Though September is historically the 'freshest' month of the year after plants had a whole summer at their disposal in the Northern Hemisphere to grow and suck CO2 out of the atmosphere, scientists announced today that a dangerous threshold has been crossed. Virtually all weather stations around the world seem to have registered carbon dioxide levels above 400 parts per million (ppm). And it seems like we'll be locked above 400 ppm permanently. There's no way but up!
Anyone who has breathed air with less than 300 ppm CO2 is now over 100 years old!
The first weather station that registered 400ppm was the Mauna Loa Observatory in Hawaii back in 2013. It would soon be joined by other stations along the northern hemisphere -- an inevitable event that was only a matter of "when" not "if".
Inevitable, because we humans have irreparably altered CO2 concentrations in the atmosphere since we invented farming, but really went to work once the Industrial Revolution was cranked into gear in the mid-19th century. The graph below is most revealing, as it traces how CO2 concentrations follow a saw pattern due to yearly variability. This time, we seemed locked in 400ppm -- a CO2 concentration that hasn't been seen in millions of years, up from 280ppm before the mid-19th century.
“Brief excursions toward lower values are still possible, but it already seems safe to conclude that we won’t be seeing a monthly value below 400 ppm this year – or ever again for the indefinite future," wrote Ralph Keeling, the scientist who runs the Scripps Institute for Oceanography’s carbon dioxide monitoring program, in a recent blog post.
In March of this year, CO2 levels topped 400 ppm worldwide for an entire month. Then, in May, Antarctica -- the last place where 400 ppm hadn't been recorded -- joined the rest of the pack as well. The latest critical threshold announced by scientists is that we've crossed 400 ppm and we'll never see anything lower, not during our lifetimes for sure.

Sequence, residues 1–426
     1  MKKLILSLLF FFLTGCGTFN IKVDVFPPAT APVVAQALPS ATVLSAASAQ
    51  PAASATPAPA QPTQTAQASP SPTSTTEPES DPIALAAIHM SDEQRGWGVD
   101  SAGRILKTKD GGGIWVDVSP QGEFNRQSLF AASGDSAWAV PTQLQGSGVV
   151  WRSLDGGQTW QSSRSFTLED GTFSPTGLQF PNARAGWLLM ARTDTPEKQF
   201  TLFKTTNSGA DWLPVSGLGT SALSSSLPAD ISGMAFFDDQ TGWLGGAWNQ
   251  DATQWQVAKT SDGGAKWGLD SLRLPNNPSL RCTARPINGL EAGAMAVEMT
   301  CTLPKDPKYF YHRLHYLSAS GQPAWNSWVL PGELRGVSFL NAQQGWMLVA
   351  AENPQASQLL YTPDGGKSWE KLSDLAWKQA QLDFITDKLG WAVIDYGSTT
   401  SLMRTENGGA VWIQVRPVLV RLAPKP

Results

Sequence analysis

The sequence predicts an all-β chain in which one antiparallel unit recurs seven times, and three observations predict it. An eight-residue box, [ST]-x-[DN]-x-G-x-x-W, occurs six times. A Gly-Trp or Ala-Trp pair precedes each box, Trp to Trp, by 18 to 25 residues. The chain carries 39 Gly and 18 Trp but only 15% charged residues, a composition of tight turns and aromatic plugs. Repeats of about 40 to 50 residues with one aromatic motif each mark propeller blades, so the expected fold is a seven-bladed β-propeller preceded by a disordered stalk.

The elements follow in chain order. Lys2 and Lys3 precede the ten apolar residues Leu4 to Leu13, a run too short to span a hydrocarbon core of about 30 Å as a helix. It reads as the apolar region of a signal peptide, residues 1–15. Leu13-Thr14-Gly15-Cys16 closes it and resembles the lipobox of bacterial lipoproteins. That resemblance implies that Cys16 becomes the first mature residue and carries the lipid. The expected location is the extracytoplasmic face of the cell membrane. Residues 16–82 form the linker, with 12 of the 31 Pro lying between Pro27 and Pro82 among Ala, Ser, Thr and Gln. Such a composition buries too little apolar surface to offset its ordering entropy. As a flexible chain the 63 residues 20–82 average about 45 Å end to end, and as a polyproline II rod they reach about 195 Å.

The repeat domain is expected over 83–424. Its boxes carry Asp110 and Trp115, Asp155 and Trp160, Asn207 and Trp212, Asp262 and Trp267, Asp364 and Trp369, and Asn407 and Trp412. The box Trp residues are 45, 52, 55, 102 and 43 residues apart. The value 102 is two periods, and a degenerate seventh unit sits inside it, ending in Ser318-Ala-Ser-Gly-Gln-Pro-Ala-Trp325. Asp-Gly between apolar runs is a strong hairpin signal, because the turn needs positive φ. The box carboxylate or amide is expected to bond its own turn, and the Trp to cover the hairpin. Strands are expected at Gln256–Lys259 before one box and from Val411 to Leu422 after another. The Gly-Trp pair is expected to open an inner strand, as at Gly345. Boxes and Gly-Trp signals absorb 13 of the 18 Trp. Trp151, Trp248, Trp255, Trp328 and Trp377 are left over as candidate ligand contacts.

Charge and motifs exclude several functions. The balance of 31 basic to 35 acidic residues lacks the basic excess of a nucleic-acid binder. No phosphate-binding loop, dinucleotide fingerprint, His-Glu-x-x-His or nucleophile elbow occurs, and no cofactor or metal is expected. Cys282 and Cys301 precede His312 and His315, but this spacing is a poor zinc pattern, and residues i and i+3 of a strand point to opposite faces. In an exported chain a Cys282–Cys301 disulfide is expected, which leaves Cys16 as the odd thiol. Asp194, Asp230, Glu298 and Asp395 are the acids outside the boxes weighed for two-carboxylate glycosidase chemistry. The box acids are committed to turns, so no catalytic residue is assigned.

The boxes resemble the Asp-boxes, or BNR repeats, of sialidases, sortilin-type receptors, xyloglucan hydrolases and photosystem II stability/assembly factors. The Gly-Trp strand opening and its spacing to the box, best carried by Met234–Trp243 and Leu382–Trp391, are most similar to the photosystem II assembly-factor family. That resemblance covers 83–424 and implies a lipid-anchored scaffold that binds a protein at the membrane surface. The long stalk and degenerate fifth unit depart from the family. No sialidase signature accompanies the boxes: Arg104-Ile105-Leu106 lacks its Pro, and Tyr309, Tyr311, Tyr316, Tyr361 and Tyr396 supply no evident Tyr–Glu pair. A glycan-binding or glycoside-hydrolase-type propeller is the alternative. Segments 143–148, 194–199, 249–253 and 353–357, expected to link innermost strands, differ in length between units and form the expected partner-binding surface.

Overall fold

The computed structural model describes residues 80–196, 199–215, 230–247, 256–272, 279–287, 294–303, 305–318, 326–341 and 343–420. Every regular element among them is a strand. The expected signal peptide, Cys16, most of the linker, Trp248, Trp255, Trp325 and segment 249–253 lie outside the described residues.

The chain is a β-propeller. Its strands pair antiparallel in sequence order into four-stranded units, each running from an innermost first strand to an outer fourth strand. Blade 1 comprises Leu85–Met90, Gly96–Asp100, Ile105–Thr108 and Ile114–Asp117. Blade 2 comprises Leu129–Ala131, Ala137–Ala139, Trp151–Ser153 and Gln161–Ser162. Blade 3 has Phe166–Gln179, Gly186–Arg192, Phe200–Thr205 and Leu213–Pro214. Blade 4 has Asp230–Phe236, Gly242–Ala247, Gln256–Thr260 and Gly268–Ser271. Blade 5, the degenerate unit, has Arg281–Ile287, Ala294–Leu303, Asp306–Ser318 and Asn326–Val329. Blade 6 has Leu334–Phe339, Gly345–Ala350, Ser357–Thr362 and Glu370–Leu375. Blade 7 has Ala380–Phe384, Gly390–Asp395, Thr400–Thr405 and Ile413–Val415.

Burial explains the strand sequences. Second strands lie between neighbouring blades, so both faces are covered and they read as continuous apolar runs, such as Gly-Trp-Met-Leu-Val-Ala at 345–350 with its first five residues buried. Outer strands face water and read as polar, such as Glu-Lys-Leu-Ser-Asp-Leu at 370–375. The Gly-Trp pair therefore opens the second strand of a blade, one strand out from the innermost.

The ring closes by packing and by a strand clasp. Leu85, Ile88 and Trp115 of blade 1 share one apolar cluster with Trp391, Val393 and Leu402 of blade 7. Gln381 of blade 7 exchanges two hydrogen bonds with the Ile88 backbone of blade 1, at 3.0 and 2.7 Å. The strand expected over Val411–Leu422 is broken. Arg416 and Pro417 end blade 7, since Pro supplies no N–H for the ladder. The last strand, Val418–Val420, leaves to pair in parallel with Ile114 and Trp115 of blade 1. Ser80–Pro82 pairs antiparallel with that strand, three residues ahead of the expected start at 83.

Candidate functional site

That's because even if by some stroke of miracle all man-made CO2 emissions would stop tomorrow, the greenhouse gases already spewed are still trapped in the atmosphere. Greenhouse gas molecules emitted today can stay in the upper atmosphere for centuries before they break down. “In my opinion, we won’t ever see a month below 400 ppm," said Gavin Schmidt, NASA’s chief climate scientist for Climate Central.
Today's news was expected for some time, as we reported earlier that this year's unusually strong El Niño event ought to push CO2 levels.
This figure, 400ppm, doesn’t pose a scientific significance, but it’s a very disheartening symbolic milestone. That’s because the last time the planet had 400ppm was 3 million years ago. Prior to the industrial revolution, natural climate variations caused atmospheric CO2 to vary between about 200 ppm during ice ages and 300 ppm during the warmer periods between ice ages.